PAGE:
When a cake is so celebrated that pastry-obsessed Austria awards it with a national holiday (December 5), dispute is bound to follow. Such is the history of the Sachertorte (if that is indeed the spelling). The spongy tiers of cake are separated by layers of jam, encased in fudge icing and served with whipped cream. According to tradition, this particular confection was invented by Franz Sacher in 1832 for Prince Wenzel Von Metternich when he was in need of an impromptu dessert for some lavishly baroque dinner party. That’s the widely accepted story, however other accounts say that similar recipes preexisted in older culinary tomes. 

But more at issue has been the legal claim to the term itself. Though plenty of versions of this dessert exist throughout Vienna and Austria’s bordering countries, the right to call any cake “the Original Sachertorte” went litigious. Problem was that Sacher’s son perfected the recipe at the local Demel Bakery then went on to sell it at the Hotel Sacher, which he opened with his wife, Anne. After the family lost the hotel, Eduard’s son (also Eduard) brought the cake back to the bakery. The two parties went to court in the 1950s. Following a protracted battle that questioned the pastry’s makeup (e.g., butter or margarine, number and type of jam layers), they agreed the hotel could officially produce and sell “The Original Sacher-Torte” (with the specified hyphen). The bakery would have the right to decorate its product with a seal reading “Eduard-Sacher-Torte.”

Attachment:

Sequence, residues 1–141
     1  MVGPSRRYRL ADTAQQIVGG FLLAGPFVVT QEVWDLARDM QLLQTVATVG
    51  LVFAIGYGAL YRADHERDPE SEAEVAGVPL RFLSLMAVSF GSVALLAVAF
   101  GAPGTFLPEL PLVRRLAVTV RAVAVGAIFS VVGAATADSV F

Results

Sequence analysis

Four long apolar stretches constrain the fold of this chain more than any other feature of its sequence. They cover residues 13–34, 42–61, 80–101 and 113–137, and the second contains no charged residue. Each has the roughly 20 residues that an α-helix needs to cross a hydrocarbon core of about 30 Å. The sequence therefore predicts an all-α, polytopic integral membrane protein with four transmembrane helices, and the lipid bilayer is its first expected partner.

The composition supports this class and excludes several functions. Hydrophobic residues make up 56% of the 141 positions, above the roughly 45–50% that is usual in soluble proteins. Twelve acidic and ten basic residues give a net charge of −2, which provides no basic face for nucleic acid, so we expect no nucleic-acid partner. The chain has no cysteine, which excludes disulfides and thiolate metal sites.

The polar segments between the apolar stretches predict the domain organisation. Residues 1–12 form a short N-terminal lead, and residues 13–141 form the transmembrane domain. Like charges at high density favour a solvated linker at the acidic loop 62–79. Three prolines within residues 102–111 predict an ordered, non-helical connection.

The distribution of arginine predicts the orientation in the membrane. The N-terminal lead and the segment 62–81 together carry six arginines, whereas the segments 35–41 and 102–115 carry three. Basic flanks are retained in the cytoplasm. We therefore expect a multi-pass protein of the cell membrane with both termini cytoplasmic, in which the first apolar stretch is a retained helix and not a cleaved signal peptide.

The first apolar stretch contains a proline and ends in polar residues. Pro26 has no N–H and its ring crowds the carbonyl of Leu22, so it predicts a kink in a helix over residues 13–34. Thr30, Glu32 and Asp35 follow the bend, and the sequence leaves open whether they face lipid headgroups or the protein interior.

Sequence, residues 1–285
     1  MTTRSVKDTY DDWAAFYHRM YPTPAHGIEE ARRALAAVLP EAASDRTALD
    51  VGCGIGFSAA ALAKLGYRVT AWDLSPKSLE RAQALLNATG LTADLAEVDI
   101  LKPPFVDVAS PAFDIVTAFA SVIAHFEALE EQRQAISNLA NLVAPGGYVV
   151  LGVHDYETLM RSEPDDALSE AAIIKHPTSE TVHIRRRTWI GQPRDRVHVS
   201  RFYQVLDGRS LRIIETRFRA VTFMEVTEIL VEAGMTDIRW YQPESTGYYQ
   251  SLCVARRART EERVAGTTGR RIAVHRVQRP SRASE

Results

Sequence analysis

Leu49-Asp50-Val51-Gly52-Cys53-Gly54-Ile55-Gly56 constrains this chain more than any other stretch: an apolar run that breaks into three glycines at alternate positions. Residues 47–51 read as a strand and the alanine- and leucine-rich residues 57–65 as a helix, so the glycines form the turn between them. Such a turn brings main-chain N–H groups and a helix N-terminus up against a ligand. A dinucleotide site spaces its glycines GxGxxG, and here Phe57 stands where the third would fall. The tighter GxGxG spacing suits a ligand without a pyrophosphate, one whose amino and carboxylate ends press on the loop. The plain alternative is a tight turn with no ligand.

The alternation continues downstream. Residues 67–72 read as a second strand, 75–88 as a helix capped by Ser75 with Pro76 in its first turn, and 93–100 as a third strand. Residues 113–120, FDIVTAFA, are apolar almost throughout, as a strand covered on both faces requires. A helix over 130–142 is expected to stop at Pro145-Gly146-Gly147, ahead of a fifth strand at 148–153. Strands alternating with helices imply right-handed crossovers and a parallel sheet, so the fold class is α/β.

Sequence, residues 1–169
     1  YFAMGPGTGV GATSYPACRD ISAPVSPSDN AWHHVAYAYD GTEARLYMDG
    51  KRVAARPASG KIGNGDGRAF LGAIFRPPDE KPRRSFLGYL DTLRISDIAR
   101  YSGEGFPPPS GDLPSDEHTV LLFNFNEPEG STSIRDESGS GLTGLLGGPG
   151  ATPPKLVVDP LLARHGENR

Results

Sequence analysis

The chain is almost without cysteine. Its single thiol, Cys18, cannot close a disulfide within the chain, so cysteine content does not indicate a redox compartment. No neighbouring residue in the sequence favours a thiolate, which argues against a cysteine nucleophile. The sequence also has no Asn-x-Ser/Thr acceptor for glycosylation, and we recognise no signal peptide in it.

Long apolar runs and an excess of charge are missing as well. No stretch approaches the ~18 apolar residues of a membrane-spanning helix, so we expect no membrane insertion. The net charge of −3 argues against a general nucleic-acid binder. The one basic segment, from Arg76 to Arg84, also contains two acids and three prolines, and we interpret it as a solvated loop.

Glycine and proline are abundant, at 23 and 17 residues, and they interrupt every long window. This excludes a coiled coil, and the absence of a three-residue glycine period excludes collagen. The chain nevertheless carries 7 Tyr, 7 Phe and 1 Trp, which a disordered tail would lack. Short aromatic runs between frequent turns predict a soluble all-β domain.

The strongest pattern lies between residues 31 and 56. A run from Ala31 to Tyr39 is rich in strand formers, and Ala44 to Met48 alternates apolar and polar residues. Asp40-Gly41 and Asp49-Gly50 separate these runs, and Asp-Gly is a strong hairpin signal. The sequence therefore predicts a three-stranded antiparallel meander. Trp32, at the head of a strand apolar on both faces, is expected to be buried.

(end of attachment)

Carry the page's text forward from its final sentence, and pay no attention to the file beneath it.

Whatever the name, recipes are highly guarded. Happily, both the hotel and the bakery will share their prized item by mail order. Keep in mind that a Sacher-Torte isn’t at all like your Aunt Doris’s German chocolate cake, or any other Americanized mainstay that you grew up on. Rather, it is both dense and at the same time light, striking an elegant balance between the rich outer casing of fudge, the airier, not-too-sweet chocolate sponge cake within and a singingly delightful layer of apricot jam that makes each bite a confectionary fugue. 

After dessert, channel Anne Sacher, who ran the hotel, by lighting up a cigar. Her penchant for cigars was almost as legendary as the cake.

Visit sacher.com/original-sacher-torte/ and demel.at